Great Expectations Essay

Submitted By joesmith23
Words: 1023
Pages: 5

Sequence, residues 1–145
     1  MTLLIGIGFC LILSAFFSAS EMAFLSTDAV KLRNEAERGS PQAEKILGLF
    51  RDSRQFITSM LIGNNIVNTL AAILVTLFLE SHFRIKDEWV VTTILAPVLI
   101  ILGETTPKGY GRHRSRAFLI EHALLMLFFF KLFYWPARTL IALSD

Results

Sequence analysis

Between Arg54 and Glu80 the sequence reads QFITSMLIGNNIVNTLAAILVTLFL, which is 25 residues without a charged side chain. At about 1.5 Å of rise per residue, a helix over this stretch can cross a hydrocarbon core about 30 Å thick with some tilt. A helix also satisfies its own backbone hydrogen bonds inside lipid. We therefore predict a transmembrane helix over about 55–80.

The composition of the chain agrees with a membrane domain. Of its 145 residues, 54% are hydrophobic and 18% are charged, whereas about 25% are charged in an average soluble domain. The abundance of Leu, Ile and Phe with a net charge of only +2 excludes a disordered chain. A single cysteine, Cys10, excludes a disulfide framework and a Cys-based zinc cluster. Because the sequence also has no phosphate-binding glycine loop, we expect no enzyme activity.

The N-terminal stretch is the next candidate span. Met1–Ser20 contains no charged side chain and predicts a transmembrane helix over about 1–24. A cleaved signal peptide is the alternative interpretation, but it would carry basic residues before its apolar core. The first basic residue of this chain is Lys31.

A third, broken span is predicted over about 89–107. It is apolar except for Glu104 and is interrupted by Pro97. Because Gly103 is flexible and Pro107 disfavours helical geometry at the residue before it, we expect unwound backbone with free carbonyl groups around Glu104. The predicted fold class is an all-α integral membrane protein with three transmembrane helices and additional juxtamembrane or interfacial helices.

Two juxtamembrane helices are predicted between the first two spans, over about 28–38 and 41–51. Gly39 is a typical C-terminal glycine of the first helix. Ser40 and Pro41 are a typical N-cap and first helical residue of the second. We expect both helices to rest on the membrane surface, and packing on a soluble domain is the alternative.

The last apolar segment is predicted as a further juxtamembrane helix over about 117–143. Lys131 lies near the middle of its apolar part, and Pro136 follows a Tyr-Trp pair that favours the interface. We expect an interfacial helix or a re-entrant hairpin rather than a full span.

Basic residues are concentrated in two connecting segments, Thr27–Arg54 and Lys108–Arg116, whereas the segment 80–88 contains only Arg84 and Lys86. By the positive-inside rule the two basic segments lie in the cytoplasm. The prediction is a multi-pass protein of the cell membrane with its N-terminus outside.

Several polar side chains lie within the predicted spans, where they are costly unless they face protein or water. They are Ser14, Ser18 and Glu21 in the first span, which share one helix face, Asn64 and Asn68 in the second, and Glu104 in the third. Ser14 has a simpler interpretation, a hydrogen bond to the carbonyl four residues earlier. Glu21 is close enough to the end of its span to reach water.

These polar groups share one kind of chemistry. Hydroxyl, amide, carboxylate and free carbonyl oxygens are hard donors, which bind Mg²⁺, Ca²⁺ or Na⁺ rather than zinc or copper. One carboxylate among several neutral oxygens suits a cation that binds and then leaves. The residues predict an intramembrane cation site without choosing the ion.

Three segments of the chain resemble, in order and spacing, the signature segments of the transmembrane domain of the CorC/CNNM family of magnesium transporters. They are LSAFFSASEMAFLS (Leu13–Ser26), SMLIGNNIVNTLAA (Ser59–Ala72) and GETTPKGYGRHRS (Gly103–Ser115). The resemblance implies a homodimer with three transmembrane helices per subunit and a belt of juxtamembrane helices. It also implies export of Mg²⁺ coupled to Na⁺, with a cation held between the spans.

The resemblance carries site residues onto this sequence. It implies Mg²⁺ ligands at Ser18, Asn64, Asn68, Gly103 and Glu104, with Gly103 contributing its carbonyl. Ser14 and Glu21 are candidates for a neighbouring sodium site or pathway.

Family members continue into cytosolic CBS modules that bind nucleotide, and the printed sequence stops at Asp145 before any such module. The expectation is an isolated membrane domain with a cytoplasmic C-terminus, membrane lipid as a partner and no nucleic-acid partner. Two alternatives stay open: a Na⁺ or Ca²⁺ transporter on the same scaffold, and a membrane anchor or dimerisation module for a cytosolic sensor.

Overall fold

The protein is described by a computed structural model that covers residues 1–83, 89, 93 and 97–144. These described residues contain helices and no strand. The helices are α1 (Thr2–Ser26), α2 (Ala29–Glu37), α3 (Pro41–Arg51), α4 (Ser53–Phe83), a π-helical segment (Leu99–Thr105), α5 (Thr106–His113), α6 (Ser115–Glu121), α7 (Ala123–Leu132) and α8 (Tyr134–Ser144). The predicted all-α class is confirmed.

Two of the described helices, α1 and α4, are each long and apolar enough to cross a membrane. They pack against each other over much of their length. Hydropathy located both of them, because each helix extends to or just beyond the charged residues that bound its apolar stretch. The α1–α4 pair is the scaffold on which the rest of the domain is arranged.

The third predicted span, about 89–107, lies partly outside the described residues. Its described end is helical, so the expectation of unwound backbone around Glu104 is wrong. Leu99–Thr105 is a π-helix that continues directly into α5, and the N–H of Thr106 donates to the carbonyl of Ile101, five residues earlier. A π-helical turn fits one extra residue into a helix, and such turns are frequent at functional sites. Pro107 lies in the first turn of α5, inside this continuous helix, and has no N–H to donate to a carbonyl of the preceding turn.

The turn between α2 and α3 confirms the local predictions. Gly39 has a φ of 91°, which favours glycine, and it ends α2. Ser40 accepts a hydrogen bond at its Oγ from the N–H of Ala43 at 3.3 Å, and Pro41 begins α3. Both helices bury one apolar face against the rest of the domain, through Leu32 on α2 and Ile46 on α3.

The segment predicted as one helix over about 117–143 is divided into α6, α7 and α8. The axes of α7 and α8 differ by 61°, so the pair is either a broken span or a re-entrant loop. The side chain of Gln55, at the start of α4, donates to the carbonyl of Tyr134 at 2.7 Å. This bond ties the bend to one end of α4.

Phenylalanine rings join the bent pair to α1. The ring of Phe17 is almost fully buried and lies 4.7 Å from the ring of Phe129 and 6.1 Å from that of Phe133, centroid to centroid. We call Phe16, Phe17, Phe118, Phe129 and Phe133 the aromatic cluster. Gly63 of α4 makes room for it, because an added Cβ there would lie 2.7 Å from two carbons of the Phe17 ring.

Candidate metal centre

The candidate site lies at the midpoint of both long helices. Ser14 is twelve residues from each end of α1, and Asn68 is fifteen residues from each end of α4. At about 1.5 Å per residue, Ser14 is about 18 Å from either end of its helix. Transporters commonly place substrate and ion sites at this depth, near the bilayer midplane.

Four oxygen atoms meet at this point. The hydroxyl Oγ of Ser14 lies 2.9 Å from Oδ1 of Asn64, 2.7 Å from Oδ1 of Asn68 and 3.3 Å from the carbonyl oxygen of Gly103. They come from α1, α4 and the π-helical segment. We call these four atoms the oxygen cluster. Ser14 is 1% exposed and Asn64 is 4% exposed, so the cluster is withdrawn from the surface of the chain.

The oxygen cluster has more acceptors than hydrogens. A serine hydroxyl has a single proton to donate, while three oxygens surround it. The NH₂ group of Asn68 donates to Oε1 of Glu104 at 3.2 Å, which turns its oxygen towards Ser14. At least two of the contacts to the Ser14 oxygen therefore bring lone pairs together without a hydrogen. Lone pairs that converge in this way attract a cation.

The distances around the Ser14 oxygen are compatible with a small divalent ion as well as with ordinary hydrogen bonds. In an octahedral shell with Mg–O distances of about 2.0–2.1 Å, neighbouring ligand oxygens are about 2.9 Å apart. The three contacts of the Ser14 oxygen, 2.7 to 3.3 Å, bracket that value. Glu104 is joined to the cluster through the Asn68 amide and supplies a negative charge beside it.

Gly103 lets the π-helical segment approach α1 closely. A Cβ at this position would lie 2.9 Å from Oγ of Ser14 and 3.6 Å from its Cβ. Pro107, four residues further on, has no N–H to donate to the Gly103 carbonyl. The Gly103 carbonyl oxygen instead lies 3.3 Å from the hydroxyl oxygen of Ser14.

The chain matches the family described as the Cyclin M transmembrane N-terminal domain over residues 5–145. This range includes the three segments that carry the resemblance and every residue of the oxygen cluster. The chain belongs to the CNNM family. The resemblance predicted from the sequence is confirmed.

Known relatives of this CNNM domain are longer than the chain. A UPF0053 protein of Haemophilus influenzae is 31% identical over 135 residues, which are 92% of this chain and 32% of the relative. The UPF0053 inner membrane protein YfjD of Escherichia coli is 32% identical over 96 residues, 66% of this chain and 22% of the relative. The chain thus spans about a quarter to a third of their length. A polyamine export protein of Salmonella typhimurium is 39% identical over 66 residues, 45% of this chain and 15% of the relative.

Evolution of Expectations The desire to escape from a “common” life and experience the greater, superior experiences that life has to offer is not uncommon. In fact, the central character of Charles Dickens’s Great Expectations, Pip Pirrip, aspires to achieve this objective. Pip’s overwhelming yearning to become a gentleman for the love of his life, Estella, strongly wills him to change along the way in order to become a Victorian society “gentleman” and win the heart of his one true love. Along the way of Pip’s quest to becoming a gentleman, he stumbles upon a few select characters that greatly influence him in positive, supporting ways. These characters aid him in becoming the gentleman who recalls memorable events of his childhood. Mr. Jaggers, Estella, and Herbert influence Pip’s growth by allowing his growth, motivating him, and assisting him. Mr. Jaggers critically influences Pip’s development from a blacksmith’s apprentice to a young, Victorian society gentleman by allowing his growth by showing willingness and also allowing Pip to make mistakes. When Pip first travels to London, Mr. Jaggers remarks that Pip will live with Matthew Pocket’s son, Herbert Pocket. Pip recalls Mr. Jagger’s words, he [Pip] was to remain with young Mr. Pocket until Monday; on Monday he was to go with him to his father’s house on a visit, that he might try how he liked it (Dickens 162). This encounter between Pip and Mr. Jaggers demonstrates Mr. Jagger’s willingness for Pip to grow and flourish on his own. Although allowing Pip to live by his own rules may not have been the best decision at some points, he [Pip] to make his life in London worthwhile. For example, after a great deal of time living in London, Pip runs up a prodigious debt that he must pay off. Pip evokes the words of Mr. Jagger’s when he falls ill and needs care desperately; simultaneously young master Pip also has a predicament with the constable and debt collectors that he needs to satisfy. Mr. Jaggers states to Pip, “I shall by this means be able to check your bills, and to pull you up if I find you outrunning the constable. Of course you’ll go wrong somehow, but that’s no fault of mine” (Dickens 162). Thus, Mr. Jaggers allows Pip to make mistakes by permitting Pip’s growth and success. Lastly, Mr. Jaggers influences Pip by demonstrating willingness towards his growth and allowing Pip to make mistakes in order for him to succeed and excel. In addition, Estella analytically influences Pip’s advance from a common, marsh boy to a humble gentleman of society by motivating him with cruel insults and misleading him with false desire. As soon as Pip first arrives at Miss Havisham and Estella’s residence, Estella greets him with cold, unwelcoming glances. Remembering his first confrontation with Estella, Pip states, “She had said that I was common, and that I knew I was common, and that I wished I was not common, and that the lies had come of it somehow, though I didn’t know how” (Dickens 67). Pip becomes utterly embarrassed and ashamed of himself throughout the rest of his visit. Consequently, Estella criticizes Pip in many ways therefore influencing him by strengthening his aspiration to be of higher class and status for her. Furthermore, Estella influences Pip by misguiding him with false desire and consent. Following Pip’s daily visit with Miss Havisham, Estella prompts Pip upon his departure. Pip recollects that, “Instead of going straight to the gate, too, she [Estella] stepped back into the passage and beckoned me. ‘Come here! You may kiss me, if you like’” (Dickens 89). Estella uses Pip’s love as a child would use a toy yet Pip returns to her, eager for her love and approval. Undoubtedly, Estella influences Pip by motivating him with cruel jokes and misleading gestures. Finally, Herbert strongly influences Pip’s strengthening of character…